Subjectivity is rare in factual programming because most of the time, points are supported by hard facts that act as evidence. Opinion: Opinion is a personal view that someone may have about a particular topic. It is not a fact as there is a lack of evidence to support it. Opinions are sometimes used in factual programming to support facts and to gain an insight into what people think about a particular subject. If opinions are used in documentaries, then it is important that they also include people with an opposite opinion to balance out the argument.
For example, sometimes on the news they will interview people about a certain topic and they will give their opinions and they will also interview someone whose opinion is the opposite so that it remains balanced. Opinions are useful because they allow the audience to see what different groups of people think about subjects. It is important however that presenters or filmmakers do not state their opinions to the audience as this could lead to their own opinions being influenced as the programme will no longer be biased.
Access: Access is when you are given permission to film a certain thing or person or when you are granted permission to film in a certain place. It is important to gain permission before you start making your documentary because if permissison is not granted, then you may be sued for using the footage. For example, if you wanted to film in MediaCity, you need to go to the permit office and get a filming pass so that the security guards know that you have been granted permission to film in that location. Privacy: Privacy is when a person is kept out of the public eye and everyone has the right to privacy.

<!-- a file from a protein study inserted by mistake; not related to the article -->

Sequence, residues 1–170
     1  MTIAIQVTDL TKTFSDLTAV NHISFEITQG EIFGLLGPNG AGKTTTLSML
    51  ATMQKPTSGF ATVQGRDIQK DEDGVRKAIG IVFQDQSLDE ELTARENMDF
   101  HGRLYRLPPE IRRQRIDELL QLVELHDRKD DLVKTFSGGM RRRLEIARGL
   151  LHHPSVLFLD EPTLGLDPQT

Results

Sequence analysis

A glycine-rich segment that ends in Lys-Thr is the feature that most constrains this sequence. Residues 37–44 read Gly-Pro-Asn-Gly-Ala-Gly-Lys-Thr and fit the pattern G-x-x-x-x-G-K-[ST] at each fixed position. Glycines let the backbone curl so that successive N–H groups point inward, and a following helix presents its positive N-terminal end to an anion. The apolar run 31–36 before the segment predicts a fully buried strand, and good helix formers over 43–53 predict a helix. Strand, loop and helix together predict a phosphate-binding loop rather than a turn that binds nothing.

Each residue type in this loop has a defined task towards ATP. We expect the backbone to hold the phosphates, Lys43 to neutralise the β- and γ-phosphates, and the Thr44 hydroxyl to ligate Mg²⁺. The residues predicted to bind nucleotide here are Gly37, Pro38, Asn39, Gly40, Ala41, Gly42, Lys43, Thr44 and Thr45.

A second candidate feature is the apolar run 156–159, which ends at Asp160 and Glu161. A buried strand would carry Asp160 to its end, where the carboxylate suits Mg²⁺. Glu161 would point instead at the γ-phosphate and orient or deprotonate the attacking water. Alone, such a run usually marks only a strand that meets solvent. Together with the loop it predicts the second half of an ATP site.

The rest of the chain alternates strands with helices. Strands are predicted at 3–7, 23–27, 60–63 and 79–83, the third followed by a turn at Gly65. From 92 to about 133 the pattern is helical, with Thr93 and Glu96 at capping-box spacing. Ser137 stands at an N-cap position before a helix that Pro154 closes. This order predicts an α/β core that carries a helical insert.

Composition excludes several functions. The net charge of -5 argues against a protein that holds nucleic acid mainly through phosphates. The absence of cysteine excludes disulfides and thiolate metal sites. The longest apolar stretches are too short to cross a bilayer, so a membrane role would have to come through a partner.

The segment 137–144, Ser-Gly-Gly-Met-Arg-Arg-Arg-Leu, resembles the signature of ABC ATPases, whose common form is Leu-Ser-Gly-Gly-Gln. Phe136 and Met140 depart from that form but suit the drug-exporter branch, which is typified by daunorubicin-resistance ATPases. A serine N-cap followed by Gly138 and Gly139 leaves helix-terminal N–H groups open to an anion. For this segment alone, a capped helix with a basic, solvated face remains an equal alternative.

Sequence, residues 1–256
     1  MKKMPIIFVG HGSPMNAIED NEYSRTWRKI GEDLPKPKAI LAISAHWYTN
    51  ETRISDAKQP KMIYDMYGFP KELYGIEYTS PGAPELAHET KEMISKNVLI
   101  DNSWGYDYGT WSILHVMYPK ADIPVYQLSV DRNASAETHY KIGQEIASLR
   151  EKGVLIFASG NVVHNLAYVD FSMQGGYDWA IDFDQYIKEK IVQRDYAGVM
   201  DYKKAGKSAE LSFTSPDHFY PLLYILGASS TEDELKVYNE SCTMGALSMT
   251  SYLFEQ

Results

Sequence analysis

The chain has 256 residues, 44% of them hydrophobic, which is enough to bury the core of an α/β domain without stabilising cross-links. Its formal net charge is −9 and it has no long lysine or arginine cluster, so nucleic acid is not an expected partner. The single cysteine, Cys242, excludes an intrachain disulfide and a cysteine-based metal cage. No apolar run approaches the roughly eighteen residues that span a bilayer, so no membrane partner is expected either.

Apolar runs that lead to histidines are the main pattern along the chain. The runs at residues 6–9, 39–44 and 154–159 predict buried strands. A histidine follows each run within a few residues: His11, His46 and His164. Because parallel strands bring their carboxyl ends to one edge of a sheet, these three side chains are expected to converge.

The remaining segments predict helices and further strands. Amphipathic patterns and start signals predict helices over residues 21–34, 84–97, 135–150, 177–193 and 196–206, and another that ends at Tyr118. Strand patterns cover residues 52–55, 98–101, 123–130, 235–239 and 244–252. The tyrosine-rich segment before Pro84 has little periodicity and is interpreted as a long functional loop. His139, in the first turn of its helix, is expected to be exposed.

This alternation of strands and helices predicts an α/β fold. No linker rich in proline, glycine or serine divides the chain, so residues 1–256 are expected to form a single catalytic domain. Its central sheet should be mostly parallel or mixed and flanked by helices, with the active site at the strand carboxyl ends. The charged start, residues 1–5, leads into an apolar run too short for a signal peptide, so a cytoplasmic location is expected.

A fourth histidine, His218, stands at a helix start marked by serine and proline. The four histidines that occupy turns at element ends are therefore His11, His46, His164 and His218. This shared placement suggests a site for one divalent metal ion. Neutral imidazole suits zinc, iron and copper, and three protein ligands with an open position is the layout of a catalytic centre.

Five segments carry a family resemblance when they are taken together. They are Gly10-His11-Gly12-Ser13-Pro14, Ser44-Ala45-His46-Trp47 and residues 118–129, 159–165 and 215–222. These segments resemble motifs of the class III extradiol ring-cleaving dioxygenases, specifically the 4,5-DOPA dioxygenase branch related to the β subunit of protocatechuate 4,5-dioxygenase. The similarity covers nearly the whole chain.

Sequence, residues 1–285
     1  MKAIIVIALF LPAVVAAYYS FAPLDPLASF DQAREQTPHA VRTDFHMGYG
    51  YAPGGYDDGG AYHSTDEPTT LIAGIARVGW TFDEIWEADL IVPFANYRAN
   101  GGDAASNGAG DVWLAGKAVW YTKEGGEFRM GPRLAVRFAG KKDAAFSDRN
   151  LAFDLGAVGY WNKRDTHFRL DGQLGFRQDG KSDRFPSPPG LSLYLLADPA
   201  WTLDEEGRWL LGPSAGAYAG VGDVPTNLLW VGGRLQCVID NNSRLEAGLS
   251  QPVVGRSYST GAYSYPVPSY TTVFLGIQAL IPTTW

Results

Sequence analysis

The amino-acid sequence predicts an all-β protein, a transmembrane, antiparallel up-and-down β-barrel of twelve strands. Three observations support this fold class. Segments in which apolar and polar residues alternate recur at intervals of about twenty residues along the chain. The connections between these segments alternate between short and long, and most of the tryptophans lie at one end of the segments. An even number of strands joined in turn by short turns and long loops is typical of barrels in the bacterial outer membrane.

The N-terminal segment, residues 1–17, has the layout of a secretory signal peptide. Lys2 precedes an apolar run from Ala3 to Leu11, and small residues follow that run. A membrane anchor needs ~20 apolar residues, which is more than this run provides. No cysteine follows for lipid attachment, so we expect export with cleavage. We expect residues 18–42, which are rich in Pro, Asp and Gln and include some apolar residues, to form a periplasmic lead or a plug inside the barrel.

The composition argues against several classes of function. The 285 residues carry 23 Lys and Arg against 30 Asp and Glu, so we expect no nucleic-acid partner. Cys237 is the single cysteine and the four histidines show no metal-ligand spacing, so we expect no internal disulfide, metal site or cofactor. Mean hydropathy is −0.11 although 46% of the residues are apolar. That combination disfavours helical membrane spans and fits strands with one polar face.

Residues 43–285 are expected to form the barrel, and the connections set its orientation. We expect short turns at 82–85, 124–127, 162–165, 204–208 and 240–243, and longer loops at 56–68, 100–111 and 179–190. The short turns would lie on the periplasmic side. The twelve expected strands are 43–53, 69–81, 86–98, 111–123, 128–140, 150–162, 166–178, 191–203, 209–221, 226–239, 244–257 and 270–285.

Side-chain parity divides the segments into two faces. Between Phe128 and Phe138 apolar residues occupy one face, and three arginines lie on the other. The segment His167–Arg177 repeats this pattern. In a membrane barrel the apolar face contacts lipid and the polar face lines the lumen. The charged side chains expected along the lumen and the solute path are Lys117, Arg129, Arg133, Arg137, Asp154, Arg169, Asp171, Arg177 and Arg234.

When making a documentary, people’s privacy needs to be respected and taken into account. Usually if a person is featuring in a documentary or in an interview, they will sign an Artist Release Form which gives the filmmaker permission to use the footage of them. It is important that stories or documentaries do not invade people’s privacy too much and usually factual TV steers away from people’s personal lives, unless they think it will have an affect on the general public. An example of the invasion of privacy is the phone hacking scandal linked to the News of the World newspaper.
They deliberately hacked into 13 year old Milly Dowler’s mobile phone and listened to her voicemail messages in order to create the best story possible. This is an example of how people’s privacy can be disrespected in the media. The suspects in charge of the phone hacking were eventually arrested and this is one reason why it is vital that people’s privacy is respected. When creating a documentary, if you do not respect people’s privacy then you could get into a lot of legal trouble Contract with the Viewer: This is an unwritten contract between the filmmaker.
It promises the audience that the documentary that they watch is the documentary that you have described to them. This means that you as a filmmaker must deliver to the audience what you tell them the documentary is about. For example, if you tell your audience that you have created a non-biased poetic documentary about flying cats then that is what you would have to deliver to the audience. The unwritten contract also promises the audience that the content that they watch is accurate and truthful.